District-wide progress, or lack thereof, is reflected by actual percentage participation levels for each subgroup going back to SY 2012-2013. See example: Table II-Self-Contained GATE enrollment in Middle School grades 1-5 for SY 2016-2017 (Latino) (reflecting actual participation rates for SY 2015-16 at 43.20 %; SY 2014-15 at 46.30%; SY 2013-14 at 45%, and SY 2012-13 at 45%).[3] There is no explanation by the Special Master or the Parties regarding the reductions in participation over the life of the USP.

         As the Special Master notes, the district-wide focus “masks differences by school.” (R&R (Doc. 2041) at 11.) And, differences, if studied by the District, might lead them to solutions on how to increase access to ALEs for minority students. He recommends that the District compare individual schools by ALE to determine if either some schools and/or some ALE programs are more successful at increasing participation than others. After assessing the reasons for these differences, the District should eliminate/reduce or initiate/increase, if possible, any influences determining these differences.

         He agrees with the District that the main difference between White and minority ALE enrollments is that enrollment is voluntary and there is no accounting for parental decisions, which he describes as significantly shaped by family and community environments and these community characteristic are in turn correlated with race. Alternatively, as described by the District, “‘individual school participation rates can be heavily influenced by the racial and ethnic makeup of the particular school rather than the effectiveness of [the] school.'” (R&R (Doc. 2041) at 24).

         Nevertheless, according to the Special Master all is not lost. While the District has implemented the marketing aspects of the ALE Action Plan, the Special Master recommends as an offset to the problematic voluntary nature of ALE programs that District solicit parents of children participating successfully in particular ALEs to recruit others to participate. He believes that the shared background between these families will result in parent-to-parent recruitment efforts being highly persuasive. Peer to peer recruitment seems a viable option to more traditional marketing venues, which may or may not be warranted depending on the effectiveness of the implemented traditional marketing strategies. Cf., USP § V.2.d. (providing for community involvement as means to recruit students for ALEs)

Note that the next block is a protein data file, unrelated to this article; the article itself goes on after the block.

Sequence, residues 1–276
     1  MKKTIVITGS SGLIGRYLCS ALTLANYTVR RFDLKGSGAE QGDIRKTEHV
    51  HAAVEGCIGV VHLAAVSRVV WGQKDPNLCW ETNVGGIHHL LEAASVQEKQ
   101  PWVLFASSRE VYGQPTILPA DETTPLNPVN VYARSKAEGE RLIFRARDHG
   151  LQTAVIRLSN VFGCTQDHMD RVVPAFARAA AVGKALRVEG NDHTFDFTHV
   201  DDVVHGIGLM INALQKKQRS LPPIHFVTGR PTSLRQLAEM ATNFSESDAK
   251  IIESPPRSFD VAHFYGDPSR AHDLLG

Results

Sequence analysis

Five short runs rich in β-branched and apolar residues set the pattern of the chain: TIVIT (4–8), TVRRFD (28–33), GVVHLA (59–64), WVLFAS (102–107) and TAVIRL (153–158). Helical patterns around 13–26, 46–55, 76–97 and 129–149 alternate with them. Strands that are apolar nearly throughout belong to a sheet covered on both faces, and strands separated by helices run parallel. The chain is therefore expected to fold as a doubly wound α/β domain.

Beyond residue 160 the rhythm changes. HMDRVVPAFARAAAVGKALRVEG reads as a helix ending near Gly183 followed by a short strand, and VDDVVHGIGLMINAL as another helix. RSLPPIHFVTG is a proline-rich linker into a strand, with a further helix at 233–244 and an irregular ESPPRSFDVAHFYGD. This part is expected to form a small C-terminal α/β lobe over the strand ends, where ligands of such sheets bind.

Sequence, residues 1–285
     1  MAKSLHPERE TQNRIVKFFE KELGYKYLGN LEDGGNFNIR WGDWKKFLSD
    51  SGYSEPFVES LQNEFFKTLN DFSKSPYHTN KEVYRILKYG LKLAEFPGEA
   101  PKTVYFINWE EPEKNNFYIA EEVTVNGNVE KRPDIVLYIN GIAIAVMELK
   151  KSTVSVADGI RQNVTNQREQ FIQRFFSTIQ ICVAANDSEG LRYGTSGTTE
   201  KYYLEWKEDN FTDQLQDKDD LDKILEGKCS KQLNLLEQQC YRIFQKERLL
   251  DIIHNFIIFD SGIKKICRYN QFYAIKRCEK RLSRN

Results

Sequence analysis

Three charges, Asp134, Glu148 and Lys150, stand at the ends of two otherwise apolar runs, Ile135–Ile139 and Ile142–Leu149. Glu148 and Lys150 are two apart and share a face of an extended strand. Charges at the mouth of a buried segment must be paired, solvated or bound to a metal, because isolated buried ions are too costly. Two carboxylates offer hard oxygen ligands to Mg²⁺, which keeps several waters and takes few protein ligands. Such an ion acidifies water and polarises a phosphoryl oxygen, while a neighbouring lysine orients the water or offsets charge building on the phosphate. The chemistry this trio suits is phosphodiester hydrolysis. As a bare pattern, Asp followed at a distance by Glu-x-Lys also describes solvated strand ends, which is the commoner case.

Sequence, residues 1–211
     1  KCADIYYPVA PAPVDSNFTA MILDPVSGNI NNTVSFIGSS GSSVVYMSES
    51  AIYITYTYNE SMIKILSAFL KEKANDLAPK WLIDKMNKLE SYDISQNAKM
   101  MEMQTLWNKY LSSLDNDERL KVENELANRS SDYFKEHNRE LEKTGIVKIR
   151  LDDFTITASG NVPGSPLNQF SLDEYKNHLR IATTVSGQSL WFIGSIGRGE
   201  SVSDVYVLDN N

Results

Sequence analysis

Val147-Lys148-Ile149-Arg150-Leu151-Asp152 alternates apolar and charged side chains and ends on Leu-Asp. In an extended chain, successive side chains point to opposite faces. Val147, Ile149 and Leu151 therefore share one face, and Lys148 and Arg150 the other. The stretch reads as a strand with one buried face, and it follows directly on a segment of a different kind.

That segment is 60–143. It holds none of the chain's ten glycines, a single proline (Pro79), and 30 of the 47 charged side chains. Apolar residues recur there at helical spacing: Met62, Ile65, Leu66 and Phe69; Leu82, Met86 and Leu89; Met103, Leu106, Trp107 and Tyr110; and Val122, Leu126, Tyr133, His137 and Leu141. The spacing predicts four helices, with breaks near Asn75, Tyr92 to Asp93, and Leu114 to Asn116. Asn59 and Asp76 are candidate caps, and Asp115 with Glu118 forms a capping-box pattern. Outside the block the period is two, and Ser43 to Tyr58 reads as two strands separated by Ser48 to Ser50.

Misconceptions regarding disadvantages from taking ALE courses can be addressed with public education programs. See USP § VII.A.1: Family and Community Outreach (requiring District to adopt strategies to increase family and community engagement in schools, including providing information to families about services, programs and courses of instruction available in the District).

         The Special Master advises that the District can address explanations for access differences between schools, as follows: differences based on teacher interest, teacher qualifications, and grade structure (K-8 and middle schools can have different schedules). Most importantly the District should focus on developing school-wide cultures where academic excellence is valued and celebrated. According to him, an ethos of achievement can be developed and sustained by school administrators, teachers, counselors and families. Because of the District's limited ability and responsibility for overcoming socio-economic discriminatory effects, the District needs to make clear efforts to influence access where it can. This is why it is important for the District to implement measures, such as those outlined in the ALE Action Plan, which are aimed at ensuring support for African American and Latino students, once enrolled in ALEs, stay in them and successfully complete them, including taking and ...